There is of course the Mirage Omnipolar speakers. But it seems they're a love or hate type of sound. Plus they're on their way to extinction.

Gene

I found it of significant interest that in the review of the 8060 in Sound&Vision Daniel Kumin mentions that the output of the rear facing drivers has been reduced by 6 db from previous BP series speakers.

http://www.soundandvisionmag.com/art...ystem?page=0,2

So much for bipolar...
post #26 of 35
Quote:
Originally Posted by mannoiaj View Post

There is nothing inherently wrong with having a sub-woofer essentially collocated with your speakers so long as the "right" spot for your speakers are the same "right" spot for your subs. If either spot is compromised for either the sub or speaker, you should go separate.

I have never seen that so far its always been a compromise.
post #27 of 35
Quote:
Originally Posted by spyboy View Post

I found it of significant interest that in the review of the 8060 in Sound&Vision Daniel Kumin mentions that the output of the rear facing drivers has been reduced by 6 db from previous BP series speakers.

http://www.soundandvisionmag.com/art...ystem?page=0,2

So much for bipolar...

And done so by DT to enhance the affect or make it better and easier to place the speakers. So still bipolar but now they do not need to be on such strong meds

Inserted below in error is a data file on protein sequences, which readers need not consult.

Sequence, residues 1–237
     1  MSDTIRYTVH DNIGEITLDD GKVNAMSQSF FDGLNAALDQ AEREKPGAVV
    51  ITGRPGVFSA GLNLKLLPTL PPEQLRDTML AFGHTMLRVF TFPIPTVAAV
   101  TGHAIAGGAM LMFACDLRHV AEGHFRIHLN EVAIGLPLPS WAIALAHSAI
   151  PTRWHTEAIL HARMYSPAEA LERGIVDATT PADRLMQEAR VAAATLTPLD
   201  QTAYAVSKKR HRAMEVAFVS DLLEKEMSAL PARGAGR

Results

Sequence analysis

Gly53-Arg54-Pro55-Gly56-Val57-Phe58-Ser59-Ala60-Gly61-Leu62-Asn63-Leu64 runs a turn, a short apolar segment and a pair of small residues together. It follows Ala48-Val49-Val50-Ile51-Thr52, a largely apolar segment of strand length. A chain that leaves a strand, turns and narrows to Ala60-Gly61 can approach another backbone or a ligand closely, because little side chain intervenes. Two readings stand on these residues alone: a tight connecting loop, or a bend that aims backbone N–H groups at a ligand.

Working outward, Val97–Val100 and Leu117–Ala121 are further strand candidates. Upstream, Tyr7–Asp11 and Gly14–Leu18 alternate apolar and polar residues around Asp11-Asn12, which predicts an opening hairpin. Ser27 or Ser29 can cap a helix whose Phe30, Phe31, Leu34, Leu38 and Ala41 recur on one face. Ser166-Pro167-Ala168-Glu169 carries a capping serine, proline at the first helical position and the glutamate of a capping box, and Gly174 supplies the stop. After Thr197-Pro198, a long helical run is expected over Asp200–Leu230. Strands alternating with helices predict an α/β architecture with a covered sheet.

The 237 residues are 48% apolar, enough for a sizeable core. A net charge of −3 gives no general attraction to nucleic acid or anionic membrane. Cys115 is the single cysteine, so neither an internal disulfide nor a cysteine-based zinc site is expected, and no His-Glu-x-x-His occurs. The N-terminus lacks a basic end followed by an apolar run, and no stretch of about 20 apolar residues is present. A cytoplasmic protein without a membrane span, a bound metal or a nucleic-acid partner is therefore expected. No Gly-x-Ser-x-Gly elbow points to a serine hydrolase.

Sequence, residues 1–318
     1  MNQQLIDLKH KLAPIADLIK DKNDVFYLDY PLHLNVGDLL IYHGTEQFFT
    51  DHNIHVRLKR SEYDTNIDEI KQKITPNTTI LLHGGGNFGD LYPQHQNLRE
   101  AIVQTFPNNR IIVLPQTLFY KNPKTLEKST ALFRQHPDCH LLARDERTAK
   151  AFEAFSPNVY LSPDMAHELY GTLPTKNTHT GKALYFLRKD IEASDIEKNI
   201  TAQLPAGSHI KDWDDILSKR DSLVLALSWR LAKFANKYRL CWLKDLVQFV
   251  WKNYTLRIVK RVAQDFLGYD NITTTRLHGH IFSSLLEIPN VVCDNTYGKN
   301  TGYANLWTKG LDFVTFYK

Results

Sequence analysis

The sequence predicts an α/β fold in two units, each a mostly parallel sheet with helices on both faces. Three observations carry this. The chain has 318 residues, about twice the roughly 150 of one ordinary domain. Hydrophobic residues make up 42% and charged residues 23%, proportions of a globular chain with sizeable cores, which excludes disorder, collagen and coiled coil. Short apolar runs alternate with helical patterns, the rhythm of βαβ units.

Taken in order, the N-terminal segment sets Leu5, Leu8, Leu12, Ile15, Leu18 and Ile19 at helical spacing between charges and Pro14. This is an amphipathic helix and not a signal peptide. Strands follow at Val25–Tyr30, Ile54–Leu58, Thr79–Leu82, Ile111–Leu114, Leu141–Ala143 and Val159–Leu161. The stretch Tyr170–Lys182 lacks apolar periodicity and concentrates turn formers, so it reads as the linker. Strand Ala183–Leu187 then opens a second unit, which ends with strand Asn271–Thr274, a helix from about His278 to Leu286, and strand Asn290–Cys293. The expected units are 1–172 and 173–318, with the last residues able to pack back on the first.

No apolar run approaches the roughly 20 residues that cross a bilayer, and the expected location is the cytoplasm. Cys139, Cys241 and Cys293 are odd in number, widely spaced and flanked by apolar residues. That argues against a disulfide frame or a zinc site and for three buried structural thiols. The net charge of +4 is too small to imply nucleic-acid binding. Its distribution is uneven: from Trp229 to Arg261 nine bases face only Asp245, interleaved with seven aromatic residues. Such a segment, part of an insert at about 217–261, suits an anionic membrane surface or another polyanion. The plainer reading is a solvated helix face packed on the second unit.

That review and another I read on the 8040s had nothing but praise for the sound field.

I think DT knows what they're doing, except when it comes to publishing specs
post #28 of 35
Quote:
Originally Posted by oztech View Post

I have never seen that so far its always been a compromise.

Which means, in every situation that you have personally "seen", separate subs would be a more effective solution.
post #29 of 35
Quote:
Originally Posted by mannoiaj View Post

Which means, in every situation that you have personally "seen", separate subs would be a more effective solution.

Which means in every situation I have seen having the speakers pulled out into the room a couple of feet does a world of good for everything but deep bass next question.
post #30 of 35
Quote:
Originally Posted by oztech View Post

Which means in every situation I have seen having the speakers pulled out into the room a couple of feet does a world of good for everything but deep bass next question.

Perhaps you read my post and thought it was a question by mistake. I forgive you for your mistake. Perhaps you read my post and believe that I think having a speaker + sub-woofer married together is a good solution to separates... again your wrong and I forgive you for your mistake. There is a place for the def tech solution in people's homes however, and that's why the company does well.